Let’s Talk More About Kids With Special Needs

I was on a plane when I started poring over the April issue of Parents magazine. The cover features beautiful siblings, 3-year-old Chloe and 5-year-old Daniel. Both have autism. It’s not every day that you see children with autism on the cover of a national magazine (though Parents, to their credit, had a cover last February featuring a girl with spina bifida). I let out a little “Yeah!” The stranger sitting next to me gave me a look, then tried to read over my shoulder as I flipped to the section on page 61: Life In A Special-Needs World. I hoped he did get an eyeful.

The pages were filled with information and inspiration about kids with special needs, along with profiles of kids with cerebral palsy, autism, Down Syndrome, spina bifida, and sensory processing disorder, and the results of a poll of nearly 500 parents. One finding I particularly loved: 73 percent of moms whose kids have special needs have talked to their children about people with special needs. Meanwhile, 81 percent of moms of typically developing kids have had that discussion.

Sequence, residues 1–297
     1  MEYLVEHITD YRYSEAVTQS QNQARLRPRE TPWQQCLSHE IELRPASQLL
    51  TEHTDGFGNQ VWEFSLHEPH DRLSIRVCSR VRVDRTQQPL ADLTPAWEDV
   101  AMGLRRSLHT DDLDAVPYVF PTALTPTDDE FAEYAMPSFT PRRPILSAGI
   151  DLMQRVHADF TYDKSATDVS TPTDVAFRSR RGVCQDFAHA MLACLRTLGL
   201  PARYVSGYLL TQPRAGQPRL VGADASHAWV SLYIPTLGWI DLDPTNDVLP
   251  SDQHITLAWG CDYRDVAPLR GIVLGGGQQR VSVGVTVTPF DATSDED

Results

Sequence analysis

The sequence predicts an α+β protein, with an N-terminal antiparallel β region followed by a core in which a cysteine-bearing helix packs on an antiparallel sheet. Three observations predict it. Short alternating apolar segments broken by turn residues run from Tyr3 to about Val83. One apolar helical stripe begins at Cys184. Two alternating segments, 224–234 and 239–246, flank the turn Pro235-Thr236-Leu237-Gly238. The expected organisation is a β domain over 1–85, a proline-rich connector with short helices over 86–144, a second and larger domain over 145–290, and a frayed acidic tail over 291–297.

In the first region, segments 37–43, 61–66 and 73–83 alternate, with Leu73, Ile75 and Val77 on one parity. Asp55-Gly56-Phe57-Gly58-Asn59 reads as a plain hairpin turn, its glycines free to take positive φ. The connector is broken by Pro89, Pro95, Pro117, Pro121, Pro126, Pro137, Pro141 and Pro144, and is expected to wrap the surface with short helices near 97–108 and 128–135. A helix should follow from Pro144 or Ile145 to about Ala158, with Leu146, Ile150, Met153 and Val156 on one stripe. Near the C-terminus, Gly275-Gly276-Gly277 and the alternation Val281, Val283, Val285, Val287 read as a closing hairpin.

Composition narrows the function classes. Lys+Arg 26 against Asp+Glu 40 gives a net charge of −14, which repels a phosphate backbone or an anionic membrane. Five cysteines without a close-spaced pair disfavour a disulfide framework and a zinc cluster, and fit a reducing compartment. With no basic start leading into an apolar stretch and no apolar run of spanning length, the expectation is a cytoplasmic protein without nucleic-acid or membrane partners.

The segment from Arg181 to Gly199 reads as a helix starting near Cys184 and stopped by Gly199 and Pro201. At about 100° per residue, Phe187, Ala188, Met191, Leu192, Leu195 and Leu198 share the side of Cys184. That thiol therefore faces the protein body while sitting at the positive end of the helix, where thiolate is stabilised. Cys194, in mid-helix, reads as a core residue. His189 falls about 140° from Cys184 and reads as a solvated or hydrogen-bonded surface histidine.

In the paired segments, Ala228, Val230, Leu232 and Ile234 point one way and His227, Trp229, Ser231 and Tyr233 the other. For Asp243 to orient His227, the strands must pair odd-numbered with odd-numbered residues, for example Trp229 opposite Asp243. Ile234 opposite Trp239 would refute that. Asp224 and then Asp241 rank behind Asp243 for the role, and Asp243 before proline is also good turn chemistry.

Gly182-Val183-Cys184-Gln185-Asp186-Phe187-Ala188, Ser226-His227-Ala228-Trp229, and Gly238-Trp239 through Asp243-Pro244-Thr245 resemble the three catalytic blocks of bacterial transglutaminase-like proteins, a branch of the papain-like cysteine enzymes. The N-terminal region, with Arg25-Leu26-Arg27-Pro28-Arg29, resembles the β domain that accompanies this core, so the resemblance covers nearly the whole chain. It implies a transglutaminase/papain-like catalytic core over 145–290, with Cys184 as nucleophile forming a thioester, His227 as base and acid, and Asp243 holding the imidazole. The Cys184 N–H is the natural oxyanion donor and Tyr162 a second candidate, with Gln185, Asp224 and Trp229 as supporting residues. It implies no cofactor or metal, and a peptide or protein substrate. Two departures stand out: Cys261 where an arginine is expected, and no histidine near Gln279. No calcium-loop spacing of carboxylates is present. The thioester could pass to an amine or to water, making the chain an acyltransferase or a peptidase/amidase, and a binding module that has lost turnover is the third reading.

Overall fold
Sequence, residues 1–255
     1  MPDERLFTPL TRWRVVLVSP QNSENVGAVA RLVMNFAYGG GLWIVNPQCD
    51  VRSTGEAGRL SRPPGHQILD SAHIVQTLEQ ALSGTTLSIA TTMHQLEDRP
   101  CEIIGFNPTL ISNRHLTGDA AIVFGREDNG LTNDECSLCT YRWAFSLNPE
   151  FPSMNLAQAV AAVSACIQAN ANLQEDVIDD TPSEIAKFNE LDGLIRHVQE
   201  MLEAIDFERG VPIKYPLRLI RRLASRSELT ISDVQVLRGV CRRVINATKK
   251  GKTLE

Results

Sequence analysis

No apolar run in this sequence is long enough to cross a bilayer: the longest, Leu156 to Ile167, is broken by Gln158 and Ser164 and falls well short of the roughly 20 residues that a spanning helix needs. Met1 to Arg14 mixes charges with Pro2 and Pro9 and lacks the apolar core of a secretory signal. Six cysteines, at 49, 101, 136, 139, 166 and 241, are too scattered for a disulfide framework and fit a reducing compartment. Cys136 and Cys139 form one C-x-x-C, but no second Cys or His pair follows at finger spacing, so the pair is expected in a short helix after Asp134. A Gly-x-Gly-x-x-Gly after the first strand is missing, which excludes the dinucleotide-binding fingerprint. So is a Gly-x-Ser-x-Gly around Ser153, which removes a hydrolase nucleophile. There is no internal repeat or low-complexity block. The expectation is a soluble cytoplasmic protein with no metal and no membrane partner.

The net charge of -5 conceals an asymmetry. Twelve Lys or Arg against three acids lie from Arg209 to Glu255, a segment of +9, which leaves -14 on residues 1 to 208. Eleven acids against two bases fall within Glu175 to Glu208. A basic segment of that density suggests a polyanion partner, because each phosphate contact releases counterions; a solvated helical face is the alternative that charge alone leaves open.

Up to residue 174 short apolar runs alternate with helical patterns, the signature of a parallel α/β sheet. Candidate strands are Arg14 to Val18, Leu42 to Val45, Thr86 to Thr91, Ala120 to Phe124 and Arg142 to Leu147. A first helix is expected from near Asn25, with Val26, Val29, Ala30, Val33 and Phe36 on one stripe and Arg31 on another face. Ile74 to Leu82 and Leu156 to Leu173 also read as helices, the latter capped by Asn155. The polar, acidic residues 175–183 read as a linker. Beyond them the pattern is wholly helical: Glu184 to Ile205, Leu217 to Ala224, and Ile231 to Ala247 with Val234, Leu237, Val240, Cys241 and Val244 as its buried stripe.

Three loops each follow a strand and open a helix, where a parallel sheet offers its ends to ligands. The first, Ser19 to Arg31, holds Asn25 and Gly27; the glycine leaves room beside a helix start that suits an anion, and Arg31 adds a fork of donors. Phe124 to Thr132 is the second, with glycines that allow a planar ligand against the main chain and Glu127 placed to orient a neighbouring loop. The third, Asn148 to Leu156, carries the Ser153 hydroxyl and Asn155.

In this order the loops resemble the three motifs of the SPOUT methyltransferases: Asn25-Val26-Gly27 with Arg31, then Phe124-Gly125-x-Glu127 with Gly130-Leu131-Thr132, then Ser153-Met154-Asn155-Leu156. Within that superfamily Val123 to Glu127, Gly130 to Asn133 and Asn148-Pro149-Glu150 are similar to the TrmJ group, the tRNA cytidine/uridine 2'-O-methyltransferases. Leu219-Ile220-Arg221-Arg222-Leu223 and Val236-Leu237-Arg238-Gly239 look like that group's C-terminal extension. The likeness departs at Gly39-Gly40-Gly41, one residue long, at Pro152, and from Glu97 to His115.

How awesome is that?

When I was growing up, there wasn’t much discussion about kids with special needs. Unless you had a family member or friends with disabilities, chances are it didn’t come up. We’ve come a long way since then, a good thing for my son (Max has cerebral palsy) and ones like him. Still, unless you have a child with special needs, it’s impossible to know what parenting one is like—both the challenges as well as the many ways that our kids are just like any other. Parents’ series of informational videos spotlighting kids with special needs helps showcase that, including Life With Down Syndrome starring Siobhan O’Shea and her family.

Life With Down Syndrome
Life With Down Syndrome
Life With Down Syndrome

This section is a great read whether or not you have a child with special needs. I hope the magazine’s amazing coverage of kids with special needs gets yet more conversation going about them. In order for our kids to become truly integrated in society, there needs to be more awareness of their awesome-ness. Take a sec and let editor-in-chief Dana Points know what you think—dana@parents.com.

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